“You have to face them sometime, Skip,” Allie said. “Best do it gracefully.”
The stout Count was garbed as Mad Cardinal Gilles in a long, flowing red satin outfit. Though older than him, Lady Melicent Smedley-Fawksler was dressed as his grand-daughter, Lady Alison, while her mate, Sir Gordon came as her husband, Sir Falconer.
“Welcome to my castle,” the Count said with a huge smile. “You know, my friends, I never get tired of saying that.” He bowed, kissing Allie’s hand.
“If it were mine, I probably wouldn’t either,” Allie said with a slight curtsey.
“Ah, for true splendor, you should see the palace of Storisende,” the Count said. “It’s only drawback is that it’s so beautiful, it’s impossible to be totally comfortable there,” he chuckled and presented them to the others. “You know, of course, the Fawkeslornes?”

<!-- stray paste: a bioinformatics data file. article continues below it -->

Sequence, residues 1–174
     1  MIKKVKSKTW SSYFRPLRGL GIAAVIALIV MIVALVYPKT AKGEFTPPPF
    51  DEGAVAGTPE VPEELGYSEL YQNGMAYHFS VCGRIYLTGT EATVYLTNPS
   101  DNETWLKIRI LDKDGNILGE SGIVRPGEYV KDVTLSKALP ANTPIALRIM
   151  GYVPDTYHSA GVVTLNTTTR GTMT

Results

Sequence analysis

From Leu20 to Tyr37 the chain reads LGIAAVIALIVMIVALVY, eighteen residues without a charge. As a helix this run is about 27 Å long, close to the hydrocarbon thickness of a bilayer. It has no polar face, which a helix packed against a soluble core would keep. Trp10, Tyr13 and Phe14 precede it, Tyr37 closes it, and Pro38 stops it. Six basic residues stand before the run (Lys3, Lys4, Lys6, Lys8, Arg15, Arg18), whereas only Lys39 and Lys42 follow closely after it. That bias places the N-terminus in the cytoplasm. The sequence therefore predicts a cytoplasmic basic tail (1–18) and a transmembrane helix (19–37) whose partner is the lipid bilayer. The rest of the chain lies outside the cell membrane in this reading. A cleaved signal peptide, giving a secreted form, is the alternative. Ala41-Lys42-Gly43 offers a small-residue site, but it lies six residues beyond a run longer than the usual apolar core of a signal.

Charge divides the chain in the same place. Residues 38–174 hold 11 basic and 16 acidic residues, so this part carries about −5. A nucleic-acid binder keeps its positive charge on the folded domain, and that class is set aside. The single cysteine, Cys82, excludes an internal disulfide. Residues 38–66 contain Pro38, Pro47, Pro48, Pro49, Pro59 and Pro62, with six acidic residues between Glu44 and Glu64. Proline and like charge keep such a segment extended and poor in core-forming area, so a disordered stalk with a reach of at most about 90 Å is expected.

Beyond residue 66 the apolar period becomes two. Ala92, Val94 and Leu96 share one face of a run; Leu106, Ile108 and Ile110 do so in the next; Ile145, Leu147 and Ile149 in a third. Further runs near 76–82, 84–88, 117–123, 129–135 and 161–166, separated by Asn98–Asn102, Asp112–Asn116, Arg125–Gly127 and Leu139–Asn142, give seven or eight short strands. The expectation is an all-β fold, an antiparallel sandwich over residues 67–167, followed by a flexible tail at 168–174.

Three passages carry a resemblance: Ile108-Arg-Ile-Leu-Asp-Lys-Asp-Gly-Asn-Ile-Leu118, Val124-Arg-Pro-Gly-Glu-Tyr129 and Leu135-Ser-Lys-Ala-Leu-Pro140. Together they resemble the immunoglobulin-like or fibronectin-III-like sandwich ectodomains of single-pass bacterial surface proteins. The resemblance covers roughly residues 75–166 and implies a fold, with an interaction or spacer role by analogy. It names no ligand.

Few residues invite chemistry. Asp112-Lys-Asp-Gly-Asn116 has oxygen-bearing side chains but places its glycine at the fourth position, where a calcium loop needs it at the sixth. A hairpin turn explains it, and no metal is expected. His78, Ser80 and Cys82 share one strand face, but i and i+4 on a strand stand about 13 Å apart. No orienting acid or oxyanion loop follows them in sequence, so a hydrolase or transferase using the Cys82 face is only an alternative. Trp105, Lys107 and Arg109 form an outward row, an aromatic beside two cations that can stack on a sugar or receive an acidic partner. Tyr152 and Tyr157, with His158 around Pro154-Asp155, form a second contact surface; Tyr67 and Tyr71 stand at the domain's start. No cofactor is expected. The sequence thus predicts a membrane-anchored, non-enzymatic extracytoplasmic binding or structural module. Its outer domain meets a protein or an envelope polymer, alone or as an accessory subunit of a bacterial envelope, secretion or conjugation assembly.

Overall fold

“It’s been ages, Sir Gordon, Lady Melicent,” Skip said. Count Roland watched them from the corner of his eyes as he turned to greet Nigel.
“We’re so sorry to hear of your father, Charles,” the tiny woman said, looking rather like a nun with her wimple. “Alix, Augustine, please accept our most sincere condolences.”
“Thank you, Lady Melicent.”
“Call me cousin, dear. You must visit us at Chateau des Roches while you’re here.”
“Indeed, splendid idea. Awfully sorry we didn’t send flowers; didn’t mean to be rude. We were on a cruise, you see,” Gordon huffed. He was a brusque, red-faced, narrow-eyed man with bristling eyebrows and a greying walrus mustache. “I didn’t hear a bloody thing until we docked. A most dreadful business, but you should have called or written, my boy. We may not have seen eye to eye on everything with your parents, but we’re still family.”
“Actually, things were so insane –”
Before he could say more, Nigel pushed in. “Sir Smedley? Delighted to meet you, sir. Skip’s told me so much about you.”